Despite growing economic inter-dependence, ties have been chilled by Japanese Prime Minister Junichiro Koizumi's visits to a Tokyo shrine which honours war criminals along with other war dead.

Territorial disputes and a Chinese nuclear
submarine's intrusion into Japanese waters in November are other irritants.

   

Signs are growing that Japanese authorities, who once shied away from offending China, in part because of the legacy of a bitter wartime past, are now more inclined to stand up to their giant Asian neighbour.

 

Rights given up

   

"It has been decided that from today the Japan Coast Guard will assume the maintenance and management of the lighthouse," Chief Cabinet Secretary Hiroyuki Hosoda said in Tokyo on Wednesday, adding the group which built it had given up their rights to it.

 

"Internationally and historically, there is no doubt that the islands belong to Japan. I feel there is no problem at all."


"Internationally and historically, there is no doubt that the islands belong to Japan. I feel there is no problem at all"

Hiroyuki Hosoda,
Japan's Chief Cabinet Secretary

China
's official Xinhua news agency quoted Foreign Ministry spokesman Kong Quan as saying that Japan's unilateral actions were "illegal and invalid" and that the main Diaoyu island and neighbouring islets had long been China's territory. Japan claims them as the Senkakus.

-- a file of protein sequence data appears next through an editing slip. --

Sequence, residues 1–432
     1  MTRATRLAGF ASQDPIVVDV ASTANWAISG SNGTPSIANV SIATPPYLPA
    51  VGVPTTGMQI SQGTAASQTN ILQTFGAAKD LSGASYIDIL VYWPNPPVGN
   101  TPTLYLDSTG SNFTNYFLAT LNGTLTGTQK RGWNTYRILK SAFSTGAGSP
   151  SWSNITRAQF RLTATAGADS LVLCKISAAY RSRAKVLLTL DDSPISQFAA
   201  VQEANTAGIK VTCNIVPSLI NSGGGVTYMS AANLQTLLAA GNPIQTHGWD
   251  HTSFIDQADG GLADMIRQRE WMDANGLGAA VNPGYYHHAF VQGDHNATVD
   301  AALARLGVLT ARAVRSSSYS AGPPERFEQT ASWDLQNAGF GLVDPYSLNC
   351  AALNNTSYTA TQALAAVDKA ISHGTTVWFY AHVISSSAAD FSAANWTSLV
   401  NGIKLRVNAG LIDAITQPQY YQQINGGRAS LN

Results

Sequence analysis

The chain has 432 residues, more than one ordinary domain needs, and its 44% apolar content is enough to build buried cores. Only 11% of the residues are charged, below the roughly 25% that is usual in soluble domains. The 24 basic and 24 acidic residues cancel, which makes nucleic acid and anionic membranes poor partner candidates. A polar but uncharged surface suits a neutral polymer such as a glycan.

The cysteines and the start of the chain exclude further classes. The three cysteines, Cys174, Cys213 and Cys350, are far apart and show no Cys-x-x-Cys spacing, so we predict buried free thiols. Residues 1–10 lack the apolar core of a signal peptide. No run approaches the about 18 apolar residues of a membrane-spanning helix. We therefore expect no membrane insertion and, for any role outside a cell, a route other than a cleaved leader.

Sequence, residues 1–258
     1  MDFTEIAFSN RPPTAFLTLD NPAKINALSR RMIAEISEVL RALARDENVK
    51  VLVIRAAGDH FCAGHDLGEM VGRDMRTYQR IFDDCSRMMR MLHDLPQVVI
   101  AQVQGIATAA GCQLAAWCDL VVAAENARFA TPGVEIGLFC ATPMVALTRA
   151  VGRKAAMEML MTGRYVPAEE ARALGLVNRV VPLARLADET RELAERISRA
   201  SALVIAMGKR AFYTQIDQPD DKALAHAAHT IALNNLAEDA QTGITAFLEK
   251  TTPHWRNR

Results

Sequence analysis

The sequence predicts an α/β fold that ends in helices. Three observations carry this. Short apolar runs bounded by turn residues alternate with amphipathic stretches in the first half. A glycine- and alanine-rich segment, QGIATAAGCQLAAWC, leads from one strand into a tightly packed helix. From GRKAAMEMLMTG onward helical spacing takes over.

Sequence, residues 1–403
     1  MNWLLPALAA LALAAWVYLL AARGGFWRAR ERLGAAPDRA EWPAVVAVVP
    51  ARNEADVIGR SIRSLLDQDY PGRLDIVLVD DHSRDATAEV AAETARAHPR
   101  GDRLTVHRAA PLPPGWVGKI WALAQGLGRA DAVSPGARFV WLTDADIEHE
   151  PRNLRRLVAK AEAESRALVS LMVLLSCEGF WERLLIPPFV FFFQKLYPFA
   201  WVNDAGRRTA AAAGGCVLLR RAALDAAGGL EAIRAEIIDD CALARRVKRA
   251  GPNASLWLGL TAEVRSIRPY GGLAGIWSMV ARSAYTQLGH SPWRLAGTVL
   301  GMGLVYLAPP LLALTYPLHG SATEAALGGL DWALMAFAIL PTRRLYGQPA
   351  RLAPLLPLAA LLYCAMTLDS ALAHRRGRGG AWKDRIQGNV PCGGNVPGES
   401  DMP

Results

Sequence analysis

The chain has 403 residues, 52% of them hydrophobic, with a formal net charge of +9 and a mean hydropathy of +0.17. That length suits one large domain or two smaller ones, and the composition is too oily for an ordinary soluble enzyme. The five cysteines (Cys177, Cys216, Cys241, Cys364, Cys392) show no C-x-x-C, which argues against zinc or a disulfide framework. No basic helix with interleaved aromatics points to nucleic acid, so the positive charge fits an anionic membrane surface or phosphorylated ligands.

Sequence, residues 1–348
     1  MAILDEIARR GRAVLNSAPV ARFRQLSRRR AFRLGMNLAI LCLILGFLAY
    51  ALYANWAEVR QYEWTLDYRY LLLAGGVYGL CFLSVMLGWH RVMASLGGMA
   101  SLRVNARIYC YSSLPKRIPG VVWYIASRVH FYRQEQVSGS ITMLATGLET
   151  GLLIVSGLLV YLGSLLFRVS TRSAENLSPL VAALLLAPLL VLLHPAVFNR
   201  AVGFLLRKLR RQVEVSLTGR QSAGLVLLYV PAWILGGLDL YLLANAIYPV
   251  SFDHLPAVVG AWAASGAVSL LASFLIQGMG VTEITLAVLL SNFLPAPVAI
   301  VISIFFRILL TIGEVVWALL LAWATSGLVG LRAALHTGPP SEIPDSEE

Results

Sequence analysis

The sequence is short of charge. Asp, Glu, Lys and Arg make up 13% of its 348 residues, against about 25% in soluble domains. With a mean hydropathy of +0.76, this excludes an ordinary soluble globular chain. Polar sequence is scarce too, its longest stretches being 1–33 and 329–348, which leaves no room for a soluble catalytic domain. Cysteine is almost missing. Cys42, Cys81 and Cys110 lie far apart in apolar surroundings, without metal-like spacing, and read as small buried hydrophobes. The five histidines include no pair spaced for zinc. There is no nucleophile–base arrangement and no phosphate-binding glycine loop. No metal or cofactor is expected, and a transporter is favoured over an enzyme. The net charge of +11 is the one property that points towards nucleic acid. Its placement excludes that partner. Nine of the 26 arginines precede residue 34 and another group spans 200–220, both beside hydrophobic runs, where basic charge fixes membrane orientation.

Koizumi said Japan had done nothing wrong. "The state took over the lighthouse because private citizens disposed of it. The state did what it should." he said.

 

Asked about the possibility of China reacting angrily, Koizumi responded simply: "Why?"

 

Past feuds 

 

Last March Japan and China clashed over the island, part of a cluster which lies between the southern Japanese island of Okinawa and Taiwan, when Japanese police arrested and deported seven Chinese activists who had landed on one of the islands. Japan claimed them after defeating imperial China in 1895.

 

Last March the two clashed over
an island near Okinawa

The Senkaku, or Diaoyu, islands provide access to rich fishing grounds and possible oil deposits in the area. 

 

The lighthouse on the disputed isle has been a trigger for feuds many times in the past.

 

Nationalist passions in Hong Kong and Taiwan were aroused when a Japanese group built the lighthouse in July 1996. The lighthouse drew a flotilla of vessels in the months that followed, carrying protesters from Taiwan and Hong Kong, several of whom landed on the Japanese-administered islands.

 

A Hong Kong activist drowned in September 1996 when he jumped into stormy waters near the islands to press China's claim.